Committee OK’s Purchases

WINNSBORO – County Council’s Administration and Finance Committee, chaired by Council Chairwoman Carolyn Robinson and filled out by Marion Robinson (District 5) and Mary Lynn Kinley (District 6), gave approval Monday evening to a laundry list of expenditures to be recommended to full Council at their March 23 meeting.

The Committee gave the OK for the recommendation to purchase a new grader for $153,799, replacing a 12-year-old grader used in maintaining County roads, as well as two replacement dump trucks for the Public Works Department, at a cost of $149,992. A pair of zero-turn lawn mowers, at a cost of $16,050, eight new roll-off containers for $34,463 and a new track hoe for $121,189 were also recommended for purchase for the Solid Waste Department.

The Planning, Building and Zoning Department, if approved by the full Council, will be replacing its 2001 Ford Crown Victoria, 2003 Chevrolet Blazer and 2008 Jeep Liberty with two new Chevrolet Colorado pickup trucks and a full-sized Chevrolet Silverado four-wheel drive. Total cost for the new vehicles, which are slated to be purchased from the state’s system, will run the County $69,238. However, County Administrator Milton Pope said Winnsboro’s local Chevrolet dealer will have the opportunity to match or beat the state’s price.

The Committee also recommended a new contract for landscaping maintenance on several County properties, approving a bid that came in so low as to raise the eyebrows of one Committee member.

“When I look at some of these bids, somebody must have been smoking dope,” Marion Robinson said. “It just blows my mind somebody comes in this far from everybody else.”

The bid in question, which beat out other contenders, was submitted by Asbury Landscaping of Laurens and came in at $34,500 for the year, well under the County’s budgeted $56,136. Robinson confirmed that Pope and his staff had spoken with Asbury’s other clients to confirm their quality of work, yet still was taken aback.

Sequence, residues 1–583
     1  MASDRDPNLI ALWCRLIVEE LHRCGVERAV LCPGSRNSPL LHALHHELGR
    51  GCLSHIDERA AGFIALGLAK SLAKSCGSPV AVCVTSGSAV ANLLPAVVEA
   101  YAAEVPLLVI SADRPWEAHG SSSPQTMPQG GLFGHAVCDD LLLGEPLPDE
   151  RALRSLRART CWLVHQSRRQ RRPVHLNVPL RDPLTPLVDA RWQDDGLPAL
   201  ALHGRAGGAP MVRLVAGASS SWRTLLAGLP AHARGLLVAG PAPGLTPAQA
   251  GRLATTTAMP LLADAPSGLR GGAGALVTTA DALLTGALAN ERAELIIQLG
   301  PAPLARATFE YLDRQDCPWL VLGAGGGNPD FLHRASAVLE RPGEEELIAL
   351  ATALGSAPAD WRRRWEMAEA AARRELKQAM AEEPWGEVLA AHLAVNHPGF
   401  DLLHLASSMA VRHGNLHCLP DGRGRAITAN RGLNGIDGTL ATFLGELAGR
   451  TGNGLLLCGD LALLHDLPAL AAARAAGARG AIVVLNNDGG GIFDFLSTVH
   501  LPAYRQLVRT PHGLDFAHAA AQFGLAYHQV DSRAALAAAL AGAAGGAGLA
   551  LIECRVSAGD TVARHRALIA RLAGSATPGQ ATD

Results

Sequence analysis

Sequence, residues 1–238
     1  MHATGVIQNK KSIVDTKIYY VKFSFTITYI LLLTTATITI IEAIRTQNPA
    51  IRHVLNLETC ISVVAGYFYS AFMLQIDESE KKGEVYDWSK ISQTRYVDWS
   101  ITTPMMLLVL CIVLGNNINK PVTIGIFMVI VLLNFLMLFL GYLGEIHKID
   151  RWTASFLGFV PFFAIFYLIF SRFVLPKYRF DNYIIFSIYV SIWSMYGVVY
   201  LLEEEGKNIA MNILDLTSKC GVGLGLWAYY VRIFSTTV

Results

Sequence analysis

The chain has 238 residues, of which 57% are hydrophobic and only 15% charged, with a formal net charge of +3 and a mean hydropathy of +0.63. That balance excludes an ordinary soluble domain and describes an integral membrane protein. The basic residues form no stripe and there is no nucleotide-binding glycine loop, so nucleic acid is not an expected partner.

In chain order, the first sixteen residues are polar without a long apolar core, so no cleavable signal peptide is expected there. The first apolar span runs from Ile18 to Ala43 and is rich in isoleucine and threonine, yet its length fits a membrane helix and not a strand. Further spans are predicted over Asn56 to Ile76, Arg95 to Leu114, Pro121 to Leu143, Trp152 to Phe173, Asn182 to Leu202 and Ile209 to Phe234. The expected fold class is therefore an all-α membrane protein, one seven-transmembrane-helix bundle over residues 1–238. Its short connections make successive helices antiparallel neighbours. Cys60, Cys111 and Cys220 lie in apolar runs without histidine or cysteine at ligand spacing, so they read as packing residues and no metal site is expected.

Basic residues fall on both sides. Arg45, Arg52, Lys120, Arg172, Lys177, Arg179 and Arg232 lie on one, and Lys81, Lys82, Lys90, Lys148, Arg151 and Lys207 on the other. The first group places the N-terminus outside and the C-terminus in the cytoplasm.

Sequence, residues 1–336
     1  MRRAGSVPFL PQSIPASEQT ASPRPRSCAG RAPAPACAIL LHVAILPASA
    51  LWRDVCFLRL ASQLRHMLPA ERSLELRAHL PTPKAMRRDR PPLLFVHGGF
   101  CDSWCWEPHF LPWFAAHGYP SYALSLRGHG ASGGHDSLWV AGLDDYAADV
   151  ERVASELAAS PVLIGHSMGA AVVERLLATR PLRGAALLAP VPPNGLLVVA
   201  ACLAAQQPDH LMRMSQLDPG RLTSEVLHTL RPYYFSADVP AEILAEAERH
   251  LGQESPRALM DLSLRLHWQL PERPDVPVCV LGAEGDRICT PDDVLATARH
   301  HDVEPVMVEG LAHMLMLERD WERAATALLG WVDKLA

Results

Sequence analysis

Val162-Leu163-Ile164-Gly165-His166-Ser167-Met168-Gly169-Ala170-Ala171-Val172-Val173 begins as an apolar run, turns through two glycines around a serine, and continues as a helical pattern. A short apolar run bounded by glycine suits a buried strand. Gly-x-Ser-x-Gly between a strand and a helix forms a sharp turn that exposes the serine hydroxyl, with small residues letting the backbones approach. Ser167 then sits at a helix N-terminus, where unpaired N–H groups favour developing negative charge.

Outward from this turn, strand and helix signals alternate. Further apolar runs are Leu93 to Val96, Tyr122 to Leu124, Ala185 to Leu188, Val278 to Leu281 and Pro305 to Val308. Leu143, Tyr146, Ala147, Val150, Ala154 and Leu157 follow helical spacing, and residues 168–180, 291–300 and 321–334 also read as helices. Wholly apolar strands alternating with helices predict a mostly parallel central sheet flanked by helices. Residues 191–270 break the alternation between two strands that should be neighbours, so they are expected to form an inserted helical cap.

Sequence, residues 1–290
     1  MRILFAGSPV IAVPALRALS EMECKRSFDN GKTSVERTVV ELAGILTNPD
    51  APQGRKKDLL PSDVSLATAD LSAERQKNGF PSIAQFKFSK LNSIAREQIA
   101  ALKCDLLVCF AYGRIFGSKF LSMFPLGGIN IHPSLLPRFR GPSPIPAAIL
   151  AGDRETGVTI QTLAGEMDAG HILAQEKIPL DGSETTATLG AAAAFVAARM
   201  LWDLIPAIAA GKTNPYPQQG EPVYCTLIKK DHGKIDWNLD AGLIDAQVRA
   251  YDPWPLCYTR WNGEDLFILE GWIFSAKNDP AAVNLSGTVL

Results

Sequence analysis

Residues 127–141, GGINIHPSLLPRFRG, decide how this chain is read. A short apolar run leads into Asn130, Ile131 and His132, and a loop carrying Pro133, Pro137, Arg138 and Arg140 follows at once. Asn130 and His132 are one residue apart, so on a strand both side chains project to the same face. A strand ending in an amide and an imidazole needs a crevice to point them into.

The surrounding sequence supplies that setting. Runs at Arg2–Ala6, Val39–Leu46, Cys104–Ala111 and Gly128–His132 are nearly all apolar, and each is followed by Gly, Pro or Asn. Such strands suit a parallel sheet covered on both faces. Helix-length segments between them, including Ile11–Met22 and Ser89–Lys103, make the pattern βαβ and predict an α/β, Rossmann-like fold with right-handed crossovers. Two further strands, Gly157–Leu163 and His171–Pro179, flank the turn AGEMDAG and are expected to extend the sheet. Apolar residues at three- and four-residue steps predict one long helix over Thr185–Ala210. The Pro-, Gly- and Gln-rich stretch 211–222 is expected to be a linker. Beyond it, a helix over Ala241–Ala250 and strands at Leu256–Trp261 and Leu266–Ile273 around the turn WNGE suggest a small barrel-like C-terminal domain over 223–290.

“We met with them, and I believe it was a father and son,” Pope said. “They don’t necessarily just manage (employees); they work. And they’re hungry. Other companies didn’t have any problems with them. Keep in mind, if they don’t perform we can always cancel the contract.”

Asbury will take on landscaping duties at the County Government Complex, the Courthouse, the Midlands Technical College campus, both phases of the Walter Brown Industrial Park and at the spec building at the Fairfield Commerce Center. Pope said that while County employees handle much of the rest of the County’s landscaping tasks, it was more cost effective to privatize that portion of it.

The County Detention Center is also in need of attention, Pope told the Committee, particularly to its 15-year-old roof that is beginning to fail. Pope said leaks have appeared in the building that are having an impact on the jail’s operations. While there are plans to replace the roof in the 2015-2016 budget, an assessment on the roof needs to be done in advance of that work. The project was put out for bid, Pope said, and he recommended (and the Committee approved) Goodwyn, Mills & Cawood, Inc. for the job.

The company, which recently completed a review of projects performed for the County by S2 Engineering, was recommended over two other firms – Davis & Floyd and Mead & Hunt.

“All of them were qualified,” Pope said. “We liked them a little bit better on how they had laid out what they would do, and their pricing on the assessment was less, or in the middle.

“Some of the other companies, the County has done a considerable amount of work with,” Pope added, “and we’re looking to involve some new people.”